These are mostly lands that were kept in the domain, with the exception of inholdings. Land management of these areas focuses on conservation, timber harvesting, livestock grazing, watershed protection, unlike national parks and other federal lands managed by the National Park Service, extraction of natural resources from national forests is permitted, and in many cases encouraged. National Forests are categorized by the U. S. as IUCN Category VI protected areas, the first-designated wilderness areas, and some of the largest, are on National Forest lands. There are management decision conflicts between conservationists and environmentalists, and natural resource extraction companies and lobbies, over the protection and/or use of National Forest lands, many ski resorts and summer resorts operate on leased land in National Forests
Jenny Wiley State Resort Park
Jenny Wiley State Resort Park was at first named Jenny Wiley State Park on January 1,1954 with Dewey Lake near Prestonsburg, Kentucky as its centerpiece. It is named for Virginia Jenny Wiley, a woman who is remembered as a survivor of Indian captivity. Taken captive October 1,1789, by Indians of the area, Shawnees and Delawares and she escaped after 11 months of captivity. Jenny Wiley became pregnant and gave birth during the captivity, and her dramatic escape in the spring of 1790 is now a legendary tale of early American frontier life in the Levisa Fork River area and the Big Sandy Valley. Of the parks 2,871 acres,1,100 acres is Dewey Lake, the Kentucky record for largest tiger muskie was at Dewey Lake. Dewey Lake was named for the hero of the Battle of Manila Bay, Admiral George Dewey, the park lies in a Moist Appalachian environment, dominated by maple and tulip poplars. The parks hotel, May Lodge, has 49 rooms, many rental cabins, the Music Highway Grill uses locally grown produce and dairy.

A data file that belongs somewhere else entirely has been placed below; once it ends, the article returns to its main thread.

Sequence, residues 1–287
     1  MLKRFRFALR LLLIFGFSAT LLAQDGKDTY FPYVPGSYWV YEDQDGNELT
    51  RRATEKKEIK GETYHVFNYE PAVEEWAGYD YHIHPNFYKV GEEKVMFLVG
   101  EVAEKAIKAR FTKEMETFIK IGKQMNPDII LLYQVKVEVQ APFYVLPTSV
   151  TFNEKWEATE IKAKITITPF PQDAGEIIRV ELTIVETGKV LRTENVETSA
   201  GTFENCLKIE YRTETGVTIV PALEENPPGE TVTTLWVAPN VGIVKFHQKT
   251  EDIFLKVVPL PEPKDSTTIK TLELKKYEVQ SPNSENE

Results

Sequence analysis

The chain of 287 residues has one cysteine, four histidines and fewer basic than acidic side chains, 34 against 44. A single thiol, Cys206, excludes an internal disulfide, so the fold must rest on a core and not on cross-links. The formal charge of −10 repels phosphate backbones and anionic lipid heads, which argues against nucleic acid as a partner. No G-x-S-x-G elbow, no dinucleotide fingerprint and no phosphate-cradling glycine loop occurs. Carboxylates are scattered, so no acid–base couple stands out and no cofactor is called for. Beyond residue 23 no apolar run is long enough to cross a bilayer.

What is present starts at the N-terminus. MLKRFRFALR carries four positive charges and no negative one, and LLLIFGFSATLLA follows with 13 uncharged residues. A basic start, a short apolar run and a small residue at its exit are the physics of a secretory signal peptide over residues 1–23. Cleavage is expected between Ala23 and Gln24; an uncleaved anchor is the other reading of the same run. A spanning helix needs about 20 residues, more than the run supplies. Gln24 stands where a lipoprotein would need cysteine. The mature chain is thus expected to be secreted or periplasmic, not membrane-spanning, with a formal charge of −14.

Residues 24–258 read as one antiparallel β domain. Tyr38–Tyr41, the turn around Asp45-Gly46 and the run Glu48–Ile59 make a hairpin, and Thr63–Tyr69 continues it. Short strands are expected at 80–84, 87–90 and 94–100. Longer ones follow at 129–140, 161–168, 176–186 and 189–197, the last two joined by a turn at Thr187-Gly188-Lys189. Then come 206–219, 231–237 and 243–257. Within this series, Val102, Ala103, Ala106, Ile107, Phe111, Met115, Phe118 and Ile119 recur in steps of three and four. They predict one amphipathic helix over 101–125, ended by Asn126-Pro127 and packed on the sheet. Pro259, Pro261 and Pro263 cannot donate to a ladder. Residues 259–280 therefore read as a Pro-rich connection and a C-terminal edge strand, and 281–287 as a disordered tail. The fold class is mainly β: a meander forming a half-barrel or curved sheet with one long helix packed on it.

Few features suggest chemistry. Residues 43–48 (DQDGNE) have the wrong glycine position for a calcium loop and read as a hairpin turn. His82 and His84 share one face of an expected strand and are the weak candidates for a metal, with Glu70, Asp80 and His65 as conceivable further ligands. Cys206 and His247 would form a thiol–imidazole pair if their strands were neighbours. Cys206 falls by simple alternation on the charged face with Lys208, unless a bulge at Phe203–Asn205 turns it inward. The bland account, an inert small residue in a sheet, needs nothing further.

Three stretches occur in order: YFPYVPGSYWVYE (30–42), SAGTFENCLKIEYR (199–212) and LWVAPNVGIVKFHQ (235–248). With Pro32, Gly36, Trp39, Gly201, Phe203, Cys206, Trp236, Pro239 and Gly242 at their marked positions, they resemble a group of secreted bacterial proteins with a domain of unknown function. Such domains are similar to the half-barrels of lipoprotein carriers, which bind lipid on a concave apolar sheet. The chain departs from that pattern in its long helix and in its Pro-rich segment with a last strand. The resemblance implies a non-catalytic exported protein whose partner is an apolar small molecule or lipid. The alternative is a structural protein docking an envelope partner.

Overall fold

The Jenny Wiley Amphitheater produces numerous plays, such as The Wizard of Oz and A Chorus Line, fishing is very popular, with many boat launches as well as a full service boat dock at the May Lodge. The Jenny Wiley Trail marks the path Wiley took to escape her Cherokee tormentors, the beautiful scenery and low traffic make this one of the best kept secrets among Bicycle Tourists and Randoneers. Multiday bicycle camping and touring clinics are offered in fall and winter during the turning of the leaves, an 18-hole golf course is available among other outdoor activities. Dawkins Line Rail Trail Jenny Wiley State Resort Park Kentucky Department of Parks Jenny Wiley Theatre
Federal government of the United States